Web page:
How Many Customers Can You Afford To Lose?
According to the American Bankers Association, 54% of all transactions are completed using “plastic”. Think of the retailer’s worst nightmare. Customers are lined up at the cash register and not able to process credit or debit cards because the internet connection is down. How many people will just put their merchandise down and go to a competitor’s store? The worst part is that they may enjoy their experience and not return to your business for future purchases.
How do you Protect Your Business?
By implementing additional network equipment and a redundant internet circuit from a second carrier, you will reduce your dependence on a single internet connection and minimize the risk of lost productivity and customer dissatisfaction.
Be Sure the Second Connection is not from the Same Carrier.
Sometimes Sales Agents simply resell circuits from a major provider. You want to be sure the second provider is not using the same Carrier, physical connection and the same Network Operations Center (NOC). If so, you will still have a single point of failure and your investment will be wasted.
Utilize Redundant Technology per Best Practices for Dependable Failover.
Work with a consulting firm to implement a solution that provides for automatic failover to the backup internet circuit in the event the primary circuit fails. If this is not configured properly, you will still experience downtime until an IT specialist moves the connection.
For a Higher Level of Redundancy and Flexibility, consider BGP.
The Border Gateway Protocol (BGP) is the routing protocol used for large networks made up of multiple independent routing domains or autonomous systems (AS)…including the Internet. When you require redundancy to the Internet, BGP presents many additional options including load-balancing, hardware redundancy, along with diversity of internet providers, and geographical areas.
BGP is much more scalable and flexible especially for large, multi-campus companies and organizations. However, it also requires a higher level of skill, experience and increased implementation costs. If not configured correctly, security and performance can be impacted. Please work with an experienced service provider with highly experienced Network Engineers when considering BGP.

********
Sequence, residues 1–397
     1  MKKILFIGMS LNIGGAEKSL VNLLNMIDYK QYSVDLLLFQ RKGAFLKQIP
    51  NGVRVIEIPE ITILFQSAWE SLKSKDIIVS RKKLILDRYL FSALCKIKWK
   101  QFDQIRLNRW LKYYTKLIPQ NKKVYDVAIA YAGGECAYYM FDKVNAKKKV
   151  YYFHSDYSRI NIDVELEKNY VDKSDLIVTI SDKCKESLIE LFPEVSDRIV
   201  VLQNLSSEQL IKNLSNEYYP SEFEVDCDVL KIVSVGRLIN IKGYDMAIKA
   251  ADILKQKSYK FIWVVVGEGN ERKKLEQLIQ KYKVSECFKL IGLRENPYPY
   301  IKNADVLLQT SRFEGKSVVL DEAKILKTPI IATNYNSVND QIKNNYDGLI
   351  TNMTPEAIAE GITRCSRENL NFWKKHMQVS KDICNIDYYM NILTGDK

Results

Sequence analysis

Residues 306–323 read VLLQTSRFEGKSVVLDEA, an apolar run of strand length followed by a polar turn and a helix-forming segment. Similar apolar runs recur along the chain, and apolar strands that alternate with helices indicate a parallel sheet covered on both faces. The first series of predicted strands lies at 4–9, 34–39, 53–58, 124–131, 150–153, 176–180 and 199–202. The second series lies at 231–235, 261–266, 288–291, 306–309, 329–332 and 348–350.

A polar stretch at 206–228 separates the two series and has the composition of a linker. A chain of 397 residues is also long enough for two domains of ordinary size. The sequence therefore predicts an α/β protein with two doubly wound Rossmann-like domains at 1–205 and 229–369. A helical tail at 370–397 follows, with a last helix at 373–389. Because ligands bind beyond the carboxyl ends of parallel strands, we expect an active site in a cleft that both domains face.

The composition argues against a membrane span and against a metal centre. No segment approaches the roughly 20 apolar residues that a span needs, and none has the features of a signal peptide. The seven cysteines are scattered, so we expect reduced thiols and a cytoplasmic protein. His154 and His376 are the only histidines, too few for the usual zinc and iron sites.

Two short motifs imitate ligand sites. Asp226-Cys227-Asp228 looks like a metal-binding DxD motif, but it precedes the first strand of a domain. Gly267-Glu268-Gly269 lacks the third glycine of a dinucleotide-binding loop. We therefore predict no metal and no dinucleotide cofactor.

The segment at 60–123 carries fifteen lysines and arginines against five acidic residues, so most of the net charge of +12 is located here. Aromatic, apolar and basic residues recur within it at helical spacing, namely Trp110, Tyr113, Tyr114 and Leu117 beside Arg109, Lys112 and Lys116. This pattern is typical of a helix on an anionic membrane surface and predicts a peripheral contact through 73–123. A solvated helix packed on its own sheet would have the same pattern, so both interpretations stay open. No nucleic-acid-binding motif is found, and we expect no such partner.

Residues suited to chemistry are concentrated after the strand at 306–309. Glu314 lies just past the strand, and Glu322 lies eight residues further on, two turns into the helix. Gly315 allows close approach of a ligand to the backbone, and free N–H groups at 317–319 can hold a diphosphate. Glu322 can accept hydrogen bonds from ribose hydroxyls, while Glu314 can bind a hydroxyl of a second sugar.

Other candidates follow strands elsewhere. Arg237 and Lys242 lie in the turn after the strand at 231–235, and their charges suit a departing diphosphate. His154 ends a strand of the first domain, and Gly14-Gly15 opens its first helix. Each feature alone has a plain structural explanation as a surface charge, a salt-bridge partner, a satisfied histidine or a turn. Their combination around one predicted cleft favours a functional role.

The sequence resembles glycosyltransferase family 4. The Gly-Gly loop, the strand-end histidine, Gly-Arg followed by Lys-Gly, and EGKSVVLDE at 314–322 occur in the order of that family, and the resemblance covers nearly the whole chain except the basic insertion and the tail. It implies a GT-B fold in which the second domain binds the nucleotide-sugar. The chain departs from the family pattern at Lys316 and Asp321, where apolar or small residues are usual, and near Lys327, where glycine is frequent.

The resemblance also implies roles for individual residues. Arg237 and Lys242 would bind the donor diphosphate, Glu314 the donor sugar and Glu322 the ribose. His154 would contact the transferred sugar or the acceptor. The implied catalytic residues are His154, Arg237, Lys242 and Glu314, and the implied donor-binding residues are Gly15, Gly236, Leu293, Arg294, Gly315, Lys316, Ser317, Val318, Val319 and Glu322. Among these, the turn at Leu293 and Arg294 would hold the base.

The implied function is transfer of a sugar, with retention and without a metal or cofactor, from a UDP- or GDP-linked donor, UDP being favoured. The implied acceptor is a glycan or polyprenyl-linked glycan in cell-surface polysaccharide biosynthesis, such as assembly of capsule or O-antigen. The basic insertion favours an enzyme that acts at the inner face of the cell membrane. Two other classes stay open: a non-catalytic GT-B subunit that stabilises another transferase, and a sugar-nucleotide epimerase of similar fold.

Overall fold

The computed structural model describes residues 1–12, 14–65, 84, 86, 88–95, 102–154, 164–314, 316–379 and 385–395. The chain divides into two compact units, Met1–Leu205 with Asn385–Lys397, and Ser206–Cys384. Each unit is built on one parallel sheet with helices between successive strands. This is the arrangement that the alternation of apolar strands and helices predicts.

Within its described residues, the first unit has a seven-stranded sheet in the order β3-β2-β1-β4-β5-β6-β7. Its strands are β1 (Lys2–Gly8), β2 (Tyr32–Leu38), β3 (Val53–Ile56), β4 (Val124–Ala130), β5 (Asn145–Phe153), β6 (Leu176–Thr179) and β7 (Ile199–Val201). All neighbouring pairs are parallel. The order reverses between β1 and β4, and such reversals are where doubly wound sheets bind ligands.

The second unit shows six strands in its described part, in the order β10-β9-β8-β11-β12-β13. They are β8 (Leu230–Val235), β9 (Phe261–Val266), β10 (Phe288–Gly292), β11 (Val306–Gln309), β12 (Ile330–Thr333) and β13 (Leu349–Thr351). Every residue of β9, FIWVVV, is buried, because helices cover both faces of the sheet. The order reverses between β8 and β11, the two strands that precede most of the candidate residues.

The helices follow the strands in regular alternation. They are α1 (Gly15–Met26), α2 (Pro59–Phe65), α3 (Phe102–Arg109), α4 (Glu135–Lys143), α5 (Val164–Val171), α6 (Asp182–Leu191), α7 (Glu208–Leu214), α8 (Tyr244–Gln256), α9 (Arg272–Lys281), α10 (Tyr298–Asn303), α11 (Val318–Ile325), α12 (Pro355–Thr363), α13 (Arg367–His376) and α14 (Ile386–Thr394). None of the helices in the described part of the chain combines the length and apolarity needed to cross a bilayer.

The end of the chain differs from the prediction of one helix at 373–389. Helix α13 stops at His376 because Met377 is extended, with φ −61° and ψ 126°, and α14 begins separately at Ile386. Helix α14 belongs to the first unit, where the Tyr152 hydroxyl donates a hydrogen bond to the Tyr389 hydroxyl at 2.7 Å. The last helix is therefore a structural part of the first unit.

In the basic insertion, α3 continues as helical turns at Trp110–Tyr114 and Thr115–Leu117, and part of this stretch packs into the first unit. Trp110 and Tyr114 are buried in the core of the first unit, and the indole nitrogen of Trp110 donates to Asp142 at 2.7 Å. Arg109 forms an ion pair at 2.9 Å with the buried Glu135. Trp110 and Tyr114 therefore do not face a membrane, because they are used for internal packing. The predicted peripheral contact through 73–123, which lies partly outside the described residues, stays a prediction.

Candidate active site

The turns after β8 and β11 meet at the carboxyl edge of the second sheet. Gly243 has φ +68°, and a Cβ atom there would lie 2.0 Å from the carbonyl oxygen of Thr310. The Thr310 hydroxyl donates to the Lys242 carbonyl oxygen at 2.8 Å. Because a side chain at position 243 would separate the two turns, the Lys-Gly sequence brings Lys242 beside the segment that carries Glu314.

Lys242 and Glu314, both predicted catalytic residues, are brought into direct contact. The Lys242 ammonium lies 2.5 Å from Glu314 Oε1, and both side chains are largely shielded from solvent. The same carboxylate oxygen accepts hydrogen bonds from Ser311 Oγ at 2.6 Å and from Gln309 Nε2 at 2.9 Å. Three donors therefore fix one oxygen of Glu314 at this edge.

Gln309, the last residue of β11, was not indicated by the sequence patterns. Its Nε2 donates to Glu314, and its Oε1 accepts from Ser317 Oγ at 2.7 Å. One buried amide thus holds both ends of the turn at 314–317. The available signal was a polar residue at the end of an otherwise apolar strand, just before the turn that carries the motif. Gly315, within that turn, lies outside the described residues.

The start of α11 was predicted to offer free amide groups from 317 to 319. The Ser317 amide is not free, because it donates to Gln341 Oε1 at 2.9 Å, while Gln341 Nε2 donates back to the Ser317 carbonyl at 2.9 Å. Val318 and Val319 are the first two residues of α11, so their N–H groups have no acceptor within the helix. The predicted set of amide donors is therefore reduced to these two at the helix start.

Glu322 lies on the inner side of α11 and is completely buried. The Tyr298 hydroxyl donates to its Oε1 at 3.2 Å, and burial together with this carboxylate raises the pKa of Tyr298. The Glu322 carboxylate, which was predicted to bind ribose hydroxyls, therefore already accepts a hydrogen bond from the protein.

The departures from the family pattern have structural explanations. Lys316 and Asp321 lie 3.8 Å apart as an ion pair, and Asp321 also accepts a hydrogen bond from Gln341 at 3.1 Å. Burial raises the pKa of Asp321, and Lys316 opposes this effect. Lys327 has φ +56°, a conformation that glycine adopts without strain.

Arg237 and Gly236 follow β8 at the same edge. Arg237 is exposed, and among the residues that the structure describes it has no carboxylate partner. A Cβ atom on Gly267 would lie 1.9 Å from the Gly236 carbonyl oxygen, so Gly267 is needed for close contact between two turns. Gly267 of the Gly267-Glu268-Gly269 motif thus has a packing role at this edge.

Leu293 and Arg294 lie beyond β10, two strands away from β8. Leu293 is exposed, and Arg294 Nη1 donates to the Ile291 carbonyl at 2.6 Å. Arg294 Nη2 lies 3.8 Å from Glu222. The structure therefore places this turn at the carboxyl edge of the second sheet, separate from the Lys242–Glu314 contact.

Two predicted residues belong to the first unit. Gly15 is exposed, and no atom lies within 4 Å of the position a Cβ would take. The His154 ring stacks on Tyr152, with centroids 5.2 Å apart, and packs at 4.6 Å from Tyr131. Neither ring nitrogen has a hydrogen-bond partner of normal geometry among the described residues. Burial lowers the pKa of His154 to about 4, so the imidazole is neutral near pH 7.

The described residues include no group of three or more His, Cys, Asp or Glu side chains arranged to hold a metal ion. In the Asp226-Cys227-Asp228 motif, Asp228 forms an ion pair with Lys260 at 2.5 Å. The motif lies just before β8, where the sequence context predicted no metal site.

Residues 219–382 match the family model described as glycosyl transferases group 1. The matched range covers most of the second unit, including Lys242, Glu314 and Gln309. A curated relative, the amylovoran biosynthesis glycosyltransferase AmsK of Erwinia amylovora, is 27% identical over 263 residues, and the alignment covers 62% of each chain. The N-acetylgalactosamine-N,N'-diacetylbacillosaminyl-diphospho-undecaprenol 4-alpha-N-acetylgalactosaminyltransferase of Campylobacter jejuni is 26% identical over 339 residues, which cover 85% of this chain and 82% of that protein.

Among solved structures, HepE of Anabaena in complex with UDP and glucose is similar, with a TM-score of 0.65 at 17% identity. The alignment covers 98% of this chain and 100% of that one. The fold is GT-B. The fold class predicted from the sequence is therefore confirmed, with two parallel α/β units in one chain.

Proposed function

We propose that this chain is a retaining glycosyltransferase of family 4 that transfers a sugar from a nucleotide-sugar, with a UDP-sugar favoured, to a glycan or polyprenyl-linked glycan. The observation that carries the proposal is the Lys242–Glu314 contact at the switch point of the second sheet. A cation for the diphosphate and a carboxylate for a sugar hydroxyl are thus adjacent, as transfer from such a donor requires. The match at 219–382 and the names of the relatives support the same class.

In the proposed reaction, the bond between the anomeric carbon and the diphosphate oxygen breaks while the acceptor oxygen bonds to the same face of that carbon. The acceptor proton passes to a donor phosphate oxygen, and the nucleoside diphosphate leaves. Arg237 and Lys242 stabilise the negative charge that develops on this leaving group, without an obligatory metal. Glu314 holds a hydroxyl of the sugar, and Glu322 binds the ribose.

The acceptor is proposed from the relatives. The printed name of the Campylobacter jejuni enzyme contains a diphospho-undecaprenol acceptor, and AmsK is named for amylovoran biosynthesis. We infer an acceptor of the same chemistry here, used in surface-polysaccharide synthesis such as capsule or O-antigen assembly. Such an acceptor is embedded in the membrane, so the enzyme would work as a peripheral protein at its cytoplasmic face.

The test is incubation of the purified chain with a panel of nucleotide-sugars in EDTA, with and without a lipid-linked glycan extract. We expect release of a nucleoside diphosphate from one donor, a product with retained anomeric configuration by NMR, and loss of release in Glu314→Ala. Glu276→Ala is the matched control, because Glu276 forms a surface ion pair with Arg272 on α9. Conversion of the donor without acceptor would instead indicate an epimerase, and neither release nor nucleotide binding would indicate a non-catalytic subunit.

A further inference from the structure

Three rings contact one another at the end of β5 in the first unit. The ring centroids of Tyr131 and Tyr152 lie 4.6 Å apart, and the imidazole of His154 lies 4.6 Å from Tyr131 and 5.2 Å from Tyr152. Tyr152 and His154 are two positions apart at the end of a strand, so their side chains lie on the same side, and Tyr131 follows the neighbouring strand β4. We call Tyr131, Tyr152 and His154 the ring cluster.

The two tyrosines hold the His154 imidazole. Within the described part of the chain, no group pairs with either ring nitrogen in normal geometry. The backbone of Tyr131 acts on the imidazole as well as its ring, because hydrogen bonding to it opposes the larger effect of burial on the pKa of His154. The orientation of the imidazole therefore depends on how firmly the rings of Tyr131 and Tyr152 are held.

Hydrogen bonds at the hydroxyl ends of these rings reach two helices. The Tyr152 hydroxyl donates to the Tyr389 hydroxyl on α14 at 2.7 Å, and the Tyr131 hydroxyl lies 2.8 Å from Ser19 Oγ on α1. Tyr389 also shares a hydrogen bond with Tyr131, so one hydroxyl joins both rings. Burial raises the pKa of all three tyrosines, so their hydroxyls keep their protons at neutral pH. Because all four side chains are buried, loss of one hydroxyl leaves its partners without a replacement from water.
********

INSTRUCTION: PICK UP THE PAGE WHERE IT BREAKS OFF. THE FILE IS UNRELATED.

Is Your Phone System Dependent On The Internet?
If you have a hosted VoIP system or utilizing a SIP connection for your on premise phone system, your business will be impacted by an internet failure.
If you add a redundant circuit, be sure your secondary connection supports your existing call volume and check with your VoIP provider on having a way to reconcile to the new IP address when the connection fails over.
Backup Power is also a consideration that shouldn’t be overlooked. Redundant circuits and equipment need electricity. In the event of an electrical outage, you will want UPS battery backup and/or Generators to provide the appropriate uptime your business requires. It’s also critical to perform scheduled tests to be sure the backup power source is working as planned.
If you would like to discuss a redundant internet circuit for your business or just review your current internet connectivity, please contact us at 360.507.8636 or via email at email@example.com. We’re happy to offer information and options for adding an additional internet connection so your business can continue to function productively in the event of an ISP internet outage.